1. Get IT Equipped

Eliminate challenges for your IT team by arming them with the tools they need to support a workforce that uses disparate technologies. Remove as much friction as possible by giving them access to reliable systems that don’t disrupt workflows.

To do this well, give you tech support tools that provide easy visibility and control into your employees’ virtual and physical desktops, SaaS applications, unified communications, and network performance (e.g., WiFi). The goal is to allow your Help Desk to proactively anticipate issues in real time so they can resolve them before a support ticket is filed. The best and simplest way to do this is by using one DEX management platform instead of multiple dashboards from an array of vendors.

  1. Hire with Transparency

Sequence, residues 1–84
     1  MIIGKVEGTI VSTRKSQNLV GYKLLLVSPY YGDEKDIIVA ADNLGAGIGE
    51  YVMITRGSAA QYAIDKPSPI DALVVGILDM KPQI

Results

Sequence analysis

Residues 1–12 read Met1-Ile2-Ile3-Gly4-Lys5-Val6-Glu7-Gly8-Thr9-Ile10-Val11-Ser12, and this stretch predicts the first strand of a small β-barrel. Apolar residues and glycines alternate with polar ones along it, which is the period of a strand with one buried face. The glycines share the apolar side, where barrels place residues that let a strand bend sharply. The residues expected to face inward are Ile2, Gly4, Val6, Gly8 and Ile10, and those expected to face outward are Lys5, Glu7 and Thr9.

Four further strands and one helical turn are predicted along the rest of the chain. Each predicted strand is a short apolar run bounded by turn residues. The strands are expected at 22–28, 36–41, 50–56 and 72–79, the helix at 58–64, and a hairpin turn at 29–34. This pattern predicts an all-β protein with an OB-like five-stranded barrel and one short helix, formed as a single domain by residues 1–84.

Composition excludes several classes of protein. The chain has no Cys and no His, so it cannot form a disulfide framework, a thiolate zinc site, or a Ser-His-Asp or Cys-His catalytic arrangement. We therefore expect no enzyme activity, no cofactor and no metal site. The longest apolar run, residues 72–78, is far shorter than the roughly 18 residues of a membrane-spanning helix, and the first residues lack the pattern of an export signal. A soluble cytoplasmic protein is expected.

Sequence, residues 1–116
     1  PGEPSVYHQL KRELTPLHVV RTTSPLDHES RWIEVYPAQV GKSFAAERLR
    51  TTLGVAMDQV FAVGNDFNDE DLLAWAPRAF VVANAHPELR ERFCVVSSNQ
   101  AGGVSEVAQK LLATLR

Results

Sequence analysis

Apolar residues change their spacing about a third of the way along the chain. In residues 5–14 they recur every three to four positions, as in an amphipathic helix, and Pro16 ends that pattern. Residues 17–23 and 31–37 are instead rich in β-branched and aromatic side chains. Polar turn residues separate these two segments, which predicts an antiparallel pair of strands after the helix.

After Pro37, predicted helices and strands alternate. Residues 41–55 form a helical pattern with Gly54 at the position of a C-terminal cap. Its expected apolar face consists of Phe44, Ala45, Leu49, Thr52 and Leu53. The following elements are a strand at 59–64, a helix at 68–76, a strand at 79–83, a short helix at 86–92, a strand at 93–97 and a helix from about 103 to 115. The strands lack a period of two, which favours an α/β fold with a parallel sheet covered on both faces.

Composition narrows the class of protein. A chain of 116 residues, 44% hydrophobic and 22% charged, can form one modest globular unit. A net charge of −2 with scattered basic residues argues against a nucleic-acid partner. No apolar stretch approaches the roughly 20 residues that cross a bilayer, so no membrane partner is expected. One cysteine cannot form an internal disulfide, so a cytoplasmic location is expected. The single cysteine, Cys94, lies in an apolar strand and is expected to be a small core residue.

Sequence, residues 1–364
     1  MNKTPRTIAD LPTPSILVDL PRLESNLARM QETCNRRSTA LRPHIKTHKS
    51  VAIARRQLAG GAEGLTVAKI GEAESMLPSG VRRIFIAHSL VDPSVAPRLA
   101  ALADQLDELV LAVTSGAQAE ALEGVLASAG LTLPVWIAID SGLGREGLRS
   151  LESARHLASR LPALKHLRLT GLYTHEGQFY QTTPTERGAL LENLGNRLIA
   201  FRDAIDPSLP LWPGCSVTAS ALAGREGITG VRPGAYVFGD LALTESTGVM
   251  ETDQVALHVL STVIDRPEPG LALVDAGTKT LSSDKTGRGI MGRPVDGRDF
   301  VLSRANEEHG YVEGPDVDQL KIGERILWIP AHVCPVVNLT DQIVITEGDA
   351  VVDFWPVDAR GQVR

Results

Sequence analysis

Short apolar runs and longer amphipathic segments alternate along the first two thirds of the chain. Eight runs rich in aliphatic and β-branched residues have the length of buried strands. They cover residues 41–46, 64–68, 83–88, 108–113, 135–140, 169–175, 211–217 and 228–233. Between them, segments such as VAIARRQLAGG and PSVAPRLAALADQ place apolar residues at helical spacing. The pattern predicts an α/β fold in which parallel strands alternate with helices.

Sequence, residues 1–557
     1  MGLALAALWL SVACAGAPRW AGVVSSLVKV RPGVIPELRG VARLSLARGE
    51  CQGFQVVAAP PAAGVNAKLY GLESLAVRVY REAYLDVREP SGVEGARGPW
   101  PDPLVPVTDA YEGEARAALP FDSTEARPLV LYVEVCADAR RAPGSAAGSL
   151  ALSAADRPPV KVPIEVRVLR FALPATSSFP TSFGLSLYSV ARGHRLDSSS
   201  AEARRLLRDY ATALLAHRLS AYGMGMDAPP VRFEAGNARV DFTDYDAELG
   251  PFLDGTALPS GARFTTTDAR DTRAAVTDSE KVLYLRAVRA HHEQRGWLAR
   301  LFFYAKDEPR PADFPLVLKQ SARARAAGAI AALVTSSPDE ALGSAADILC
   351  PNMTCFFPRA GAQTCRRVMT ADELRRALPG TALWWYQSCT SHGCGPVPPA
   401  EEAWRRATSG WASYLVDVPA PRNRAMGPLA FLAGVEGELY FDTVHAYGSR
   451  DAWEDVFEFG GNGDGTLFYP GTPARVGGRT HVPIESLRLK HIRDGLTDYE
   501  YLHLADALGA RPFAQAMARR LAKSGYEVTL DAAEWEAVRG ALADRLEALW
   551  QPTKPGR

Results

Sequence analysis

While many people enjoy increased productivity when they work remotely, a flexible WFA model doesn’t fit some prospective new hires who prefer working in a physical office. In fact, Better Up’s survey found that two out of five people do not want to work remotely, which makes hiring the right fit for your WFA culture crucial.

Elevate your company’s WFA culture by making it a value add and benefit during your hiring process and selling it internally to existing employees. From job postings to interviews and beyond, demonstrate how your entire company supports work-life balance and provides the right tools to ensure productivity. Talk through examples of ways your teams work together and collaborate virtually and in person. Consistently seek input for ways to enhance team building.

  1. Plan In-Person Gatherings

WFA doesn’t end in-person meetings or gatherings. But it does provide an opportunity to proactively plan a regular cadence of company events and face-to-face gatherings. In-person get-togethers will create connections and develop relationships that are difficult to experience virtually. One Forbes Insight study found that 85 percent of employees report stronger, more meaningful rapport occurring from in-person business meetings.